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Licensed Unlicensed Requires Authentication Published by De Gruyter December 13, 2021

Evaluation of feedback modalities and preferences regarding feedback on decision-making in a pediatric emergency department

  • Jessica M.K. Graham EMAIL logo , Lilliam Ambroggio , Jan E. Leonard , Sonja I. Ziniel and Joseph A. Grubenhoff
From the journal Diagnosis



To compare pediatric emergency clinicians’ attitudes toward three feedback modalities and assess clinicians’ case-based feedback preferences.


Electronic survey sent to pediatric emergency medicine (PEM) physicians and fellows; general pediatricians; and advanced practice providers (APPs) with nine questions exploring effectiveness and emotional impact of three feedback modalities: case-based feedback, bounce-back notifications, and biannual performance reports. Additional questions used a four-point ordinal agreement response scale and assessed clinicians’ attitudes toward case review notification, case-based feedback preferences, and emotional support. Survey responses were compared by feedback modality using Pearson’s chi-squared.


Of 165 eligible providers, 93 (56%) responded. Respondents agreed that case-based feedback was timely (81%), actionable (75%), prompted reflection on decision-making (92%), prompted research on current clinical practice (53%), and encouraged practice change (58%). Pediatric Emergency Care Applied Research Network (PECARN) performance reports scored the lowest on all metrics except positive feedback. No more than 40% of providers indicated that any feedback modality provided emotional support. Regarding case-based feedback, 88% of respondents desired email notification before case review and 88% desired feedback after case review. Clinicians prefer receiving feedback from someone with similar or more experience/training. Clinicians receiving feedback desire succinctness, supporting evidence, consistency, and sensitive delivery.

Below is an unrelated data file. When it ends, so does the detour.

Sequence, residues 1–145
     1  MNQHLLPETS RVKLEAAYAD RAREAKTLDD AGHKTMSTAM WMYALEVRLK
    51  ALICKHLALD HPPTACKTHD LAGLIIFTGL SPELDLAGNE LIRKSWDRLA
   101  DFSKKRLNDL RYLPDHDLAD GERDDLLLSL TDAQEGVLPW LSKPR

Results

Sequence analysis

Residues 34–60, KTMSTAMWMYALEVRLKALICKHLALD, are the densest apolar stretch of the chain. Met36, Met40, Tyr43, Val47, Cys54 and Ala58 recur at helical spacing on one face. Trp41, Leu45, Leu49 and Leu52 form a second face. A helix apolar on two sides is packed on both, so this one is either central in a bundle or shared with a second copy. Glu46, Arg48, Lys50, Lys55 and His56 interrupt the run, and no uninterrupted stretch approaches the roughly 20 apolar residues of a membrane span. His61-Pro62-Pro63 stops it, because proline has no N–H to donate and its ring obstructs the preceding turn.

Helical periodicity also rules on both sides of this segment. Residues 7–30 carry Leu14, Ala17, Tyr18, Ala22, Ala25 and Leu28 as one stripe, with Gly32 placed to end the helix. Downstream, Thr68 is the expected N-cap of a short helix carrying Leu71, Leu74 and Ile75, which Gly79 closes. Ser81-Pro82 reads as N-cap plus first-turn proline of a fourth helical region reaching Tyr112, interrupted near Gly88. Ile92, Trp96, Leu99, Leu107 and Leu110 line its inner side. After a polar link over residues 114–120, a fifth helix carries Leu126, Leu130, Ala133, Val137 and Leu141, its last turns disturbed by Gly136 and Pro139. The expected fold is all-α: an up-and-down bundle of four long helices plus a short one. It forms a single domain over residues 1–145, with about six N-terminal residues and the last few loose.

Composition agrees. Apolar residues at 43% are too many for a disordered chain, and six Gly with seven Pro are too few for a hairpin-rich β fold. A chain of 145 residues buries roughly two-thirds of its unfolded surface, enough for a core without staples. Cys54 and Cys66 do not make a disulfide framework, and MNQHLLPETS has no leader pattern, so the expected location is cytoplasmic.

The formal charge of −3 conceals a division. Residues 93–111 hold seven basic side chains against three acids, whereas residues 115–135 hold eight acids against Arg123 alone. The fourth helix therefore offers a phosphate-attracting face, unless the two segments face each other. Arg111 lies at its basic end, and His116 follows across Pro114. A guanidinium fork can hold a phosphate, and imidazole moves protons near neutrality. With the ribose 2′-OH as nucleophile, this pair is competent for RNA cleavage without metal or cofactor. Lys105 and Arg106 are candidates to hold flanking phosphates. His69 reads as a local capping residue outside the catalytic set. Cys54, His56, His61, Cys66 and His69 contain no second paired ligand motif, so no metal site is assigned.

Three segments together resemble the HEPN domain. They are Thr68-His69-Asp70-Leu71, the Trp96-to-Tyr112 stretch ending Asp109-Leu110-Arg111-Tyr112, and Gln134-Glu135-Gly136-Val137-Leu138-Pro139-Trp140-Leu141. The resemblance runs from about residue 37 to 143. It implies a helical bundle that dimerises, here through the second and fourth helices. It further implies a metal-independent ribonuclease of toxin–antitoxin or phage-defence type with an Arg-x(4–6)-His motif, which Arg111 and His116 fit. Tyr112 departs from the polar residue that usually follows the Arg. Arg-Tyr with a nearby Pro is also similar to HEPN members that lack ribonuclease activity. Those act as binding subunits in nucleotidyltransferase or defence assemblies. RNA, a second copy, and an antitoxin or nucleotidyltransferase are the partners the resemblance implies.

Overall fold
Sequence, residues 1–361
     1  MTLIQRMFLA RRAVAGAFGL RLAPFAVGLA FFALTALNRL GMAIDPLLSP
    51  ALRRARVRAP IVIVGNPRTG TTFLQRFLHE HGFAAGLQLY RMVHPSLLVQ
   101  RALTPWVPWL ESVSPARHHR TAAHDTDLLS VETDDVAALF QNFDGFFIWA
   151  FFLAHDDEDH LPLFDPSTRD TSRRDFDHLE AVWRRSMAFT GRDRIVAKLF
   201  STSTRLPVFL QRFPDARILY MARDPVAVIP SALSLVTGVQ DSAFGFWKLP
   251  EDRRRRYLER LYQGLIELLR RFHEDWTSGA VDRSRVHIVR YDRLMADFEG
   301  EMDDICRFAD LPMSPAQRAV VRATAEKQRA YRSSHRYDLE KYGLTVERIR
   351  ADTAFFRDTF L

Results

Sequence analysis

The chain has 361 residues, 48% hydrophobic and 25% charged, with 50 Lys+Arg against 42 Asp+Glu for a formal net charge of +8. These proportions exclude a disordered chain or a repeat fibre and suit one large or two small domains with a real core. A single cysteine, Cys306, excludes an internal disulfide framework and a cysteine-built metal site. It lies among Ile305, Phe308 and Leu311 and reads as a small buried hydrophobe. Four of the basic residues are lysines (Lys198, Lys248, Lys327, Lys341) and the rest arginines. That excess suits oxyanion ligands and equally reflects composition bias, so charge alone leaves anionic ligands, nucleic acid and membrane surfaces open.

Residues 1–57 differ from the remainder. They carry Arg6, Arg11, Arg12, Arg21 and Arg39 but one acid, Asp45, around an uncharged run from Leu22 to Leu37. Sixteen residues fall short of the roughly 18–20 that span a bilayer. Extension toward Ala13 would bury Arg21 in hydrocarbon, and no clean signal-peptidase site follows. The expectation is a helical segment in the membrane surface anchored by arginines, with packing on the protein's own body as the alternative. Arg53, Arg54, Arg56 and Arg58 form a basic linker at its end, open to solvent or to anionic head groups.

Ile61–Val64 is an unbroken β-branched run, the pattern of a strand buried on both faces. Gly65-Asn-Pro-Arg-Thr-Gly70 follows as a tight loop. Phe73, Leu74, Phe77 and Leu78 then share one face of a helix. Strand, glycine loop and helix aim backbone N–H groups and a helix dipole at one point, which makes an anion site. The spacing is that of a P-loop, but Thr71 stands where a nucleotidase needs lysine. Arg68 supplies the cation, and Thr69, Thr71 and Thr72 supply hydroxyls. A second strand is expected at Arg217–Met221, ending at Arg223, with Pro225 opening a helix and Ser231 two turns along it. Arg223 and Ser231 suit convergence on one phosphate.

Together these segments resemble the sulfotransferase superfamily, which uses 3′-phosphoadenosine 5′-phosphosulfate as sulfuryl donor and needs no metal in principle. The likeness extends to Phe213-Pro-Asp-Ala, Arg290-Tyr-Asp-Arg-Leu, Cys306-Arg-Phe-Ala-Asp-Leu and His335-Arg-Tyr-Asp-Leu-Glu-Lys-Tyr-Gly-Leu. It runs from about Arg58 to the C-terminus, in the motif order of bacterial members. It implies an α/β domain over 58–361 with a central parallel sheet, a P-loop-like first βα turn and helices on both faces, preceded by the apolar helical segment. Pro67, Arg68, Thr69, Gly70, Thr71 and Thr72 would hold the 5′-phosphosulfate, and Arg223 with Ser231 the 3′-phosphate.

Case-based feedback scored highest of the three modalities and is perceived to be the most likely to improve decision-making and promote practice change. Most providers did not perceive emotional support from any feedback modality. Emotional safety warrants purposeful attention in feedback delivery. Critical components of case-based feedback include succinctness, supporting evidence, consistency, and sensitive delivery.

Corresponding author: Jessica M.K. Graham, MD, Physician, Pediatric Emergency Medicine, Children’s Hospital of Colorado, Aurora, CO, USA; 13123 E 16th Avenue, Aurora, CO, 80045, E-mail:

Funding source: ELEVATE Fund for Pediatric Emergency Medicine, supported by The Children’s Hospital Colorado Foundation

Award Identifier / Grant number: 1802


Irina Topoz, M.D., Head of ED Case Review Committee. Lalit Bajaj, M.D., Children’s Hospital Colorado PECARN Hospital Emergency Department Affiliates (HEDA) Principal Investigator.

  1. Research funding: This project was funded by Grant Number: 1802. Elevate: The Children’s Hospital Colorado’s Level 1 Fund to Elevate Pediatric Emergency and Urgent Care,

  2. Author contributions: All authors have accepted responsibility for the entire content of this manuscript and approved its submission.

  3. Competing interests: Authors state no conflict of interest.

  4. Informed consent: Not applicable.

  5. Ethical approval: The local Institutional Review Board deemed the study exempt from review.


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Supplementary Material

The online version of this article offers supplementary material (

Received: 2021-08-31
Accepted: 2021-11-17
Published Online: 2021-12-13

© 2021 Walter de Gruyter GmbH, Berlin/Boston

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